There’s been a long-running debate over whether wolf reintroduction led to a trophic cascade in Yellowstone. There’s a nice summary here:
Yesterday, June initiated an in depth discussion on the benefit of wolves in Yellowstone, in the form of trophic cascade with the video: How Wolves Change the River:
This was predicted by some, and has been studied by William Ripple, Robert Beschta Trophic Cascades in Yellowstone: The first fifteen years after wolf reintroduction http://www.cof.orst.edu/leopold/papers/RippleBeschtaYellowstone_BioConserv.pdf
Shannon, Roger, and Mike, voiced caution that the verdict was still out.
I would like to caution that many of the reported “positive” impacts wolves have had on the environment after coming back to Yellowstone remain unproven or are at least controversial. This is still a hotly debated topic in science but in the popular media the idea that wolves can create a Utopian environment all too often appears to be readily accepted. If anyone is interested, I think Dave Mech wrote a very interesting article about this (attached). As he puts it “the wolf is neither a saint nor a sinner except to those who want to make it so”.
I see 2 points of caution regarding reports of wolves having “positive” impacts in Yellowstone. One is that understanding cause and effect is always hard, nigh onto impossible, when faced with changes that occur in one place at one time. We know that conditions along rivers and streams have changed in Yellowstone but how much “cause” can be attributed to wolves is impossible to determine.
Perhaps even more important is that evaluations of whether changes are “positive” or “negative” are completely human value judgements and have no basis in science, in this case in the science of ecology.
-Ely Field Naturalists
Of course, in a forum discussion, this becomes:
Wolves changed rivers.
Not they didn’t.
Yes they did.
(iterate ad nauseam)
… with “prove it” roughly understood to mean establishing that river = a + b*wolves, rejecting the null hypothesis that b=0 at some level of statistical significance.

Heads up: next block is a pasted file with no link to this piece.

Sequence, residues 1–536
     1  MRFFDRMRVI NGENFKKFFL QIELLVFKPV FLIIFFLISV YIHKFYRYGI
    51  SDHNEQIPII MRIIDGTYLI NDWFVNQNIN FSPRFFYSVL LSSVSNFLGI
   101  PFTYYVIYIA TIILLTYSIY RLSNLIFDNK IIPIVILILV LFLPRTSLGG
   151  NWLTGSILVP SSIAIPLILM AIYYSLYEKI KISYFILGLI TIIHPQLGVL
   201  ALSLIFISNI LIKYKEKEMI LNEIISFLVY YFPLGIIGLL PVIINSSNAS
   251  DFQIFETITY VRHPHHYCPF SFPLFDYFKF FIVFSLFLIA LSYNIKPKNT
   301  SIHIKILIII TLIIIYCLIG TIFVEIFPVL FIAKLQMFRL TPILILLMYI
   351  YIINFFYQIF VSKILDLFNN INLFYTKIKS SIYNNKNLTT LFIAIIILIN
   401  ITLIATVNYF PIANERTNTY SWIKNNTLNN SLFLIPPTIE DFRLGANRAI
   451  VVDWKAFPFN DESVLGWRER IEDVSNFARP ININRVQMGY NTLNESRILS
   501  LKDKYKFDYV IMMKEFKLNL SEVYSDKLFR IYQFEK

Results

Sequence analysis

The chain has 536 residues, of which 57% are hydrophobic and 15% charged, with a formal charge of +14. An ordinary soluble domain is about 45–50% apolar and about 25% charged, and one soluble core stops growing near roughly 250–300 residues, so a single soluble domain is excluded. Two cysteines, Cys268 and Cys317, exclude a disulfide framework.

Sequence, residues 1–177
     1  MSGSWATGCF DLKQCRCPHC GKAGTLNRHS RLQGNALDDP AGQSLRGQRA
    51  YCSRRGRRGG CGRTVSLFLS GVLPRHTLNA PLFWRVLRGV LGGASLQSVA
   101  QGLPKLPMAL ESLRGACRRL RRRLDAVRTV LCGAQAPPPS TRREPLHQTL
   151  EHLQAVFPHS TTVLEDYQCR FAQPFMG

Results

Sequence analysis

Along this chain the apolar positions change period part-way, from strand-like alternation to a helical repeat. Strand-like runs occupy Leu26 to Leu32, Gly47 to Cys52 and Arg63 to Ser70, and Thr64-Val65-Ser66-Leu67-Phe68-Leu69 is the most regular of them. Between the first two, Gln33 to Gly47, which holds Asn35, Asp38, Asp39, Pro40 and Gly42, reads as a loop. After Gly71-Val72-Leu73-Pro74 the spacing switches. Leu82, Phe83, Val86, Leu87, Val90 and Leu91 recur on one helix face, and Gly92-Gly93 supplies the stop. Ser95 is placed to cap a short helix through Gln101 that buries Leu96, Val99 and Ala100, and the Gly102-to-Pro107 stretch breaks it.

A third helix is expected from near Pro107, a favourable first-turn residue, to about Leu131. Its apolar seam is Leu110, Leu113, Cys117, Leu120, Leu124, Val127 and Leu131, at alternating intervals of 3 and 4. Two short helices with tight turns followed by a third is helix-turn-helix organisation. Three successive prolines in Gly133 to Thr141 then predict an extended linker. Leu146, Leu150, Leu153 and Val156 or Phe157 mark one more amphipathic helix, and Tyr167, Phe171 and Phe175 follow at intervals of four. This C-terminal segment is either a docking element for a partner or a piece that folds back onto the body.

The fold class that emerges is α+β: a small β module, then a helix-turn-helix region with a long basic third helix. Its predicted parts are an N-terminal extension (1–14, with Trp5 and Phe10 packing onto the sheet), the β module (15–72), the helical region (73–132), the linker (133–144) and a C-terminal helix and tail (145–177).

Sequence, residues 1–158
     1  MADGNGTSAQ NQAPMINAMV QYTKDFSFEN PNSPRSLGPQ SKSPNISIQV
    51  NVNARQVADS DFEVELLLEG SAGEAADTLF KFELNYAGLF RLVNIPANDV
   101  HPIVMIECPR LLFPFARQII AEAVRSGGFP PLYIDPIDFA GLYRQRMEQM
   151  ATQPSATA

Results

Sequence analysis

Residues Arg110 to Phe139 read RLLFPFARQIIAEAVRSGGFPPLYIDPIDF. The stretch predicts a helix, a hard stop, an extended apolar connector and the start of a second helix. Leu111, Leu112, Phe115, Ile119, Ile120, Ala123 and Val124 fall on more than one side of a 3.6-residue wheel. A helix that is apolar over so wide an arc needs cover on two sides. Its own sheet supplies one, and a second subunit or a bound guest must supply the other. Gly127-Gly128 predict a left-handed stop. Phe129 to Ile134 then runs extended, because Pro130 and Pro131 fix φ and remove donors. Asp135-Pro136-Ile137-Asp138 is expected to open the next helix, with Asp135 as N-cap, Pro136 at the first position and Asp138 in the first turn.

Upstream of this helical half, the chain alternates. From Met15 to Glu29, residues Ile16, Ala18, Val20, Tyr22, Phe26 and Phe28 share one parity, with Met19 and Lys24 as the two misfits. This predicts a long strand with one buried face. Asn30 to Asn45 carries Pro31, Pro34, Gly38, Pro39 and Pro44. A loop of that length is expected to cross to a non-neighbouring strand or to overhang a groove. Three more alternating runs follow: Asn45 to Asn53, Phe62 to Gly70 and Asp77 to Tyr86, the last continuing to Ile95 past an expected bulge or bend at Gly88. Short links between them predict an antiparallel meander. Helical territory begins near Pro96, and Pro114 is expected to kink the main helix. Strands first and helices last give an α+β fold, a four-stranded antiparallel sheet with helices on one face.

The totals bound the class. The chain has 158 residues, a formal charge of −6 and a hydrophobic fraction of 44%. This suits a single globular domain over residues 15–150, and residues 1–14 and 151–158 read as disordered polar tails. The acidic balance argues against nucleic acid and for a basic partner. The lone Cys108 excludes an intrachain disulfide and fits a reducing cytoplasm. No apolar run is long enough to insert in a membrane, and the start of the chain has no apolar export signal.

I would submit that this is a poor framing of the problem. Given what we know about nonlinear dynamics in networks like an ecosystem, it’s almost inconceivable that there would not be trophic cascades. Moreover, it’s well known that simple correlation would not be able to detect such cascades in many cases anyway.
A “no effect” default in other situations seems equally naive. Is it really plausible that a disturbance to a project would not have any knock-on effects? That stressing a person’s endocrine system would not cause a path-dependent response? I don’t think so. Somehow we need ordinary conversations to employ more sophisticated notions about models and evidence in complex systems. I think at least two ideas are useful:
- The idea that macro behavior emerges from micro structure. The appropriate level of description of an ecosystem, or a project, is not a few time series for key populations, but an operational, physical description of how species reproduce and interact with one another, or how tasks get done.
- A Bayesian approach to model selection, in which our belief in a particular representation of a system is proportional to the degree to which it explains the evidence, relative to various alternative formulations, not just a naive null hypothesis.
In both cases, it’s important to recognize that the formal, numerical data is not the only data applicable to the system. It’s also crucial to respect conservation laws, units of measure, extreme conditions tests and other Reality Checks that essentially constitute free data points in parts of the parameter space that are otherwise unexplored.
The way we think and talk about these systems guides the way we act. Whether or not we can prove in specific instances that Yellowstone had a trophic cascade, or the Chunnel project had unintended consequences, we need to manage these systems as if they could. Complexity needs to be the default assumption.